Search results for 'Women and religion' (try it on Scholar)

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  1. Codruta Cuceu (2011). Women and Religion. Journal for the Study of Religions and Ideologies 10 (29):203-210.score: 206.0
    Review of Márta Bodó (ed.), Women and Religion, (Cluj: Verbum, 2009).
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  2. M. Baldi (1997). Women, Religion and Morality in the'Dictionnaire'of Pierre Bayle. Rivista di Storia Della Filosofia 52 (4):763-784.score: 150.0
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  3. Jean-Louis Triaud (2003). Barbara CALLAWAY Et Lucy CREEVEY, The Heritage of Islam. Women, Religion and Politics in West Africa, Boulder Et Londres, Lynne Rienner Publishers, 1994, 221 P. [REVIEW] Clio 6.score: 150.0
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  4. Elizabeth Fox-Genovese (2008). Religion, Meaning, and Identity in Women's Writing. Common Knowledge 14 (1):16-28.score: 144.0
    This text of Elizabeth Fox-Genovese's is published posthumously in the context of pieces dedicated to her memory. It is unclear whether she intended it for eventual publication or whether she had intended it as a lecture; nor is there decisive evidence for a date of composition. In it, she reviews the stance of feminist literary criticism toward religion and finds it to be generally negative. She regrets that feminist critics see in religion mostly a means of subordinating (...) to men, given that most of the writers whose work they explicate were themselves fervently religious. She then examines the feminization of religion in nineteenth-century America and the growing idea at the time of female moral stewardship. After examining the contrasting approaches taken to the process of feminization by Harriet Beecher Stowe and Elizabeth Cady Stanton, Fox-Genovese then takes as her main case Augusta Jane Evans's novels Beulah and St. Elmo. She argues that feminist critics, in concentrating on questions about the marriage or independence of Evans's characters miss Evans's central concern, which was the loss and recovery of her characters' faith. The feminist critics (given their hostility to religion) misunderstand that Evans's stance was not one against female individualism, but rather (given her commitment as a Christian) a stance against the unbridled individualism of modern American society. (shrink)
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  5. Jill Marshall (2008). Women's Right to Autonomy and Identity in European Human Rights Law: Manifesting One's Religion. Res Publica 14 (3):177-192.score: 138.0
    Freedom of religious expression is to many a fundamental element of their identity. Yet the jurisprudence of the European Court of Human Rights on the Islamic headscarf issue does not refer to autonomy and identity rights of the individual women claimants. The case law focuses on Article 9 of the European Convention on Human Rights, which provides a legal human right to freedom of religious expression. The way that provision is interpreted is critically contrasted here with the right to (...)
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  6. Kartikeya C. Patel (1994). Women, Earth, and the Goddess: A Shākta-Hindu Interpretation of Embodied Religion. Hypatia 9 (4):69 - 87.score: 126.0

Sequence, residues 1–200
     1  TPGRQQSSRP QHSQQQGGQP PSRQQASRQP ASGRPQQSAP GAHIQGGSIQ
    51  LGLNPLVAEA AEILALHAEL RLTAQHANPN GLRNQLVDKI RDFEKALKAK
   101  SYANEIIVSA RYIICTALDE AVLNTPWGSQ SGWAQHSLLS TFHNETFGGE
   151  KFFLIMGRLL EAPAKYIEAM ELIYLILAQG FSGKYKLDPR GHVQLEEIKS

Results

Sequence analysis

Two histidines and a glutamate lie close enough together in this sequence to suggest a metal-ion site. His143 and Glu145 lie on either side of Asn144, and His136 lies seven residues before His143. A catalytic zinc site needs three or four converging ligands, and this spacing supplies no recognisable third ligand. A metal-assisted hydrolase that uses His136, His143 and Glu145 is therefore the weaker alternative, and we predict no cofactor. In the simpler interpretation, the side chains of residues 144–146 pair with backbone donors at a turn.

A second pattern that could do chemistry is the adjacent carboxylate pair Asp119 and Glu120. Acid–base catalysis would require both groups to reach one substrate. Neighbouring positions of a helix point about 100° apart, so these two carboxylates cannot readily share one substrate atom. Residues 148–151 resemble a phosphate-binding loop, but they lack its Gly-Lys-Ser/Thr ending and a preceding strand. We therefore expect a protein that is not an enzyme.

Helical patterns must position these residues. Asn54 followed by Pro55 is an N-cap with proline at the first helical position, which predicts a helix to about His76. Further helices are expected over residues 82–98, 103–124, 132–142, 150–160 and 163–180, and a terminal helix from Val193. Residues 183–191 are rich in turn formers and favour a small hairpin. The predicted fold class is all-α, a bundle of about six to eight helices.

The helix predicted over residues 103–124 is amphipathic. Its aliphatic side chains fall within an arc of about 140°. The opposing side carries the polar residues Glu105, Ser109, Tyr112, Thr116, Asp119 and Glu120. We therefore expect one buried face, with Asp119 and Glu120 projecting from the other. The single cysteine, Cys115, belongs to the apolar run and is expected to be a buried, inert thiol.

This essay explores the notion of female embodiment and its relation to the phenomenon of religion. It explains religious beliefs, acts, and events in terms of the worship of the female body. By elucidating this standpoint, this essay hopes to reclaim the centrality of the female body and its importance in the study of philosophy of religion.
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  7. Graham Anderson (1989). Virginia Burrus: Chastity as Autonomy: Women in the Stories of Apocryphal Acts. (Studies in Women and Religion, 23.) Pp. Vi + 138. Lewiston (N.Y.) and Queenston (Ontario): Edwin Mellen, 1987. [REVIEW] The Classical Review 39 (02):410-411.score: 120.0
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  8. Guido Giglioni (2011). Women and Religion in Sixteenth-Century France. By Susan Broomhall. Heythrop Journal 52 (5):862-863.score: 120.0
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  9. J. B. Rives (1999). Women in Roman Religion A. Staples: From Good Goddess to Vestal Virgins. Sex and Category in Roman Religion . Pp. X + 207. London and New York: Routledge, 1998. Cased, £37.50. ISBN: 0-415-13233-. [REVIEW] The Classical Review 49 (01):131-.score: 120.0
  10. Ritamary Bradley (1987). Marta Powell Harley, Ed. And Trans., A Revelation of Purgatory by an Unknown, Fifteenth-Century Woman Visionary: Introduction, Critical Text, and Translation. (Studies in Women and Religion, 18.) Lewiston, N.Y., and Queenston, Ont.: Edwin Mellen Press, 1985. Pp. 149. $49.95. [REVIEW] Speculum 62 (4):1027-1027.score: 120.0
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  11. Karen K. Hersch (2009). Women in Roman Religion (S.A.) Takács Vestal Virgins, Sibyls, and Matrons.Women in Roman Religion. Pp. Xxvi + 194, Ills, Maps. Austin: University of Texas Press, 2008. Paper, US$24.95 (Cased, US$ 55). ISBN: 978-0-292-71694-0 (978-0-292-71693-3 Hbk). [REVIEW] The Classical Review 59 (02):555-.score: 120.0
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  12. Ken Dowden (1991). Britt-Mari Näsström: The Abhorrence of Love: Studies in Rituals and Mystic Aspects in Catullus' Poem of Attis. (Acta Universitatis Upsaliensis, Uppsala Women's Studies, A. Women in Religion, 3.) Pp.98. Uppsala: University of Uppsala, 1989 (Distributed By: Almqvist & Wiksell). Paper, S.Kr. 107. [REVIEW] The Classical Review 41 (02):501-502.score: 120.0